The Colloidal Silver Cures MRSA website also points out that according to the British newspaper, The Sun, “…a $250,000 machine has been developed to spray a special aerosol silver mist throughout British hospitals, in order to stop the spread of the deadly MRSA super pathogens.”
The Sun newspaper went on to state:
“Experts have long known silver is deadly to the superbug and is highly toxic to some other bacteria as well.
It is already used in plasters and hospital dressings. But now medics from Leicester University have created a generator that divides pieces of silver into billions of tiny particles.
It then suspends them in liquid glycerol to be put into aerosols. The particles are small enough to pass inside bacteria but do not kill human cells.
The $250,000 machine’s inventor, Professor Chris Binns, said medical trials will start within the year. He also believes the silver ‘bullets’ produced by his machine could be used to fight HIV.”
You might also want to read through some of the following articles on related topics:
· Laminate Wood Flooring Treated With Colloidal Silver Destroys Up to 98.9% of Bacteria, and Even Keeps Cockroaches at Bay
· Scottish Firm Develops Colloidal Silver Anti-MRSA Soap for Hospitals
· Hospital Failure to Use Colloidal Silver Now Resulting in Newborn Babies Infected With MRSA
· Colloidal Silver and Airborne MRSA Pathogens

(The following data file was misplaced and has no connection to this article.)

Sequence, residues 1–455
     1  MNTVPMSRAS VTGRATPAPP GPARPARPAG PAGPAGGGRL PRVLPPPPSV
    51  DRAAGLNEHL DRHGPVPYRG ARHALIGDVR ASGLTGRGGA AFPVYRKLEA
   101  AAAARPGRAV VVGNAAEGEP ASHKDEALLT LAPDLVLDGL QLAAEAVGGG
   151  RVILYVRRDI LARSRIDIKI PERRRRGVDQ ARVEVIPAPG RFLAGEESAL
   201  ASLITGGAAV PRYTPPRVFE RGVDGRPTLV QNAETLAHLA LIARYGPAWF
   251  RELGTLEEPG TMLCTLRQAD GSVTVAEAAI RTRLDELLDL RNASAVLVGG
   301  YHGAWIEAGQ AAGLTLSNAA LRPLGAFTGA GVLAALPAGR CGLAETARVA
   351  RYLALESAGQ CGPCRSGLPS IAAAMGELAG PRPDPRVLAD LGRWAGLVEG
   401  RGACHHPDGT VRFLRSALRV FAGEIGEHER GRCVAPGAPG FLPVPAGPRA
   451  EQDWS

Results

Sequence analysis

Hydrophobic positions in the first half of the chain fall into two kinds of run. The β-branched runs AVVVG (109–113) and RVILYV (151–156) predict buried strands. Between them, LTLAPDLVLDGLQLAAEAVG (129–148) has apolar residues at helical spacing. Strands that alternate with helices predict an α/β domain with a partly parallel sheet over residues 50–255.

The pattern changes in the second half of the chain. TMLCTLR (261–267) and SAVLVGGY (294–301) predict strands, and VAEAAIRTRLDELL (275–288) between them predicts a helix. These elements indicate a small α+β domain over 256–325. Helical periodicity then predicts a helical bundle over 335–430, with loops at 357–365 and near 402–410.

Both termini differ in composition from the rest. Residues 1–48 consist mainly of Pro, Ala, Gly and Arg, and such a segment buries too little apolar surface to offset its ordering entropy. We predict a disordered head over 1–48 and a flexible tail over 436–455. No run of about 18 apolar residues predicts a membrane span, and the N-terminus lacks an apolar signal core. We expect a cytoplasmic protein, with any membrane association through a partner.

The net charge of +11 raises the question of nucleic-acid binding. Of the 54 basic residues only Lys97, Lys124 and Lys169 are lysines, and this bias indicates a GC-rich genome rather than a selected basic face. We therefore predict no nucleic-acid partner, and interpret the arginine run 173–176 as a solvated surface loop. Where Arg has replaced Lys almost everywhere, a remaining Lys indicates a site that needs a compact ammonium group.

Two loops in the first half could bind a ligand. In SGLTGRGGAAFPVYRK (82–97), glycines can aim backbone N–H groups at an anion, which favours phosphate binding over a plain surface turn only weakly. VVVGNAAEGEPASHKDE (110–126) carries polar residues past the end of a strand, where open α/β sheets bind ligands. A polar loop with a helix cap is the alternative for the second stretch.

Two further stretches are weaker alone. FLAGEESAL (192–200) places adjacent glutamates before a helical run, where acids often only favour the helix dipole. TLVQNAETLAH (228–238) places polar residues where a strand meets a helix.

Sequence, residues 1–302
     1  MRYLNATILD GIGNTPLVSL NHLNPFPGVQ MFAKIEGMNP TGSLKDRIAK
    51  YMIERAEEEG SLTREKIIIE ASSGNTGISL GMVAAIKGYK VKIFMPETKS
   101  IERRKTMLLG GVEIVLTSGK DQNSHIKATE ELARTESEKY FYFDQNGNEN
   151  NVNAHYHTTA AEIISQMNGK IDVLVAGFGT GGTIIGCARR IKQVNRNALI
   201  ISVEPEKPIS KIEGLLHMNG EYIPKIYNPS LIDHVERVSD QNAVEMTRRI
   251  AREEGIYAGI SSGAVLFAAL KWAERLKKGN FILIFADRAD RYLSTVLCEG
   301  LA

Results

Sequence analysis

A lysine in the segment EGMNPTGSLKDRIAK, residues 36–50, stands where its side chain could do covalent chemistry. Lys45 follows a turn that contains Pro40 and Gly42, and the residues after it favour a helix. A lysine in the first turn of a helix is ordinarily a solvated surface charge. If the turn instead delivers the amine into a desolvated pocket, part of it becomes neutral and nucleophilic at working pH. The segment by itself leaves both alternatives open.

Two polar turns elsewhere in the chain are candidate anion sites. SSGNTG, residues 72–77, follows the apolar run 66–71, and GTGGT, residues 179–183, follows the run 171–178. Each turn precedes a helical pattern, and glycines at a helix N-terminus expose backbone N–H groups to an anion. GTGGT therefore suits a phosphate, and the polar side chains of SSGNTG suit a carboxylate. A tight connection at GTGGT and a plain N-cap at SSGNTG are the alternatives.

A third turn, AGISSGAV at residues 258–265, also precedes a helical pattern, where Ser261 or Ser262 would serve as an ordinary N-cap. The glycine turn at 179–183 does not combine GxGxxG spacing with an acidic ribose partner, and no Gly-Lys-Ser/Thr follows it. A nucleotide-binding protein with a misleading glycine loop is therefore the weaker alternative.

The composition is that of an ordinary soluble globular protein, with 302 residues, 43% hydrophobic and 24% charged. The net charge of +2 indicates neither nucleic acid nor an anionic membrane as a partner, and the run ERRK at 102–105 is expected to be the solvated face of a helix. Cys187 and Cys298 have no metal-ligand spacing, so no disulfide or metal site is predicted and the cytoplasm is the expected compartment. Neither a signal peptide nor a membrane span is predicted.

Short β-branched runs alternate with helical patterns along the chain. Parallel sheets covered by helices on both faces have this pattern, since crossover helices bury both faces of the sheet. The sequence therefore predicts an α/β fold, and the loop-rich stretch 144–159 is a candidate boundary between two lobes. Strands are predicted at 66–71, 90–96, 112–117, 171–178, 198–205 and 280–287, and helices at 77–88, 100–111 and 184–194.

· Colloidal Silver and Hospital-Acquired Infections: What You Can Do to Protect Yourself!
Of course, experienced colloidal silver users have known for years that safe, simple colloidal silver – which can be purchased in just about any well-stocked health food store, or even made at home with a colloidal silver generator — not only kills the MRSA pathogen, but can be used to help heal just about any bacterial, viral or fungal infection.
· For over 100 articles on colloidal silver’s profound infection-fighting qualities, see the Colloidal Silver Update page.
· To view over 100 clinical studies and medical white papers documenting colloidal silver’s astonishing ability to kill pathogens and heal infectious diseases, see the Colloidal Silver Clinical Studies page.
· Finally, to learn how thousands of experienced colloidal silver users are healing their own infections with colloidal silver, see the Colloidal Silver Testimonials page.
Those three web pages contain more good information on the healing and infection-fighting qualities of colloidal silver than you’ll find anywhere else on the internet. But if you want more, be sure to check out the Colloidal Silver Videos page, as well, for nearly two dozen “how to” videos on making and using colloidal silver.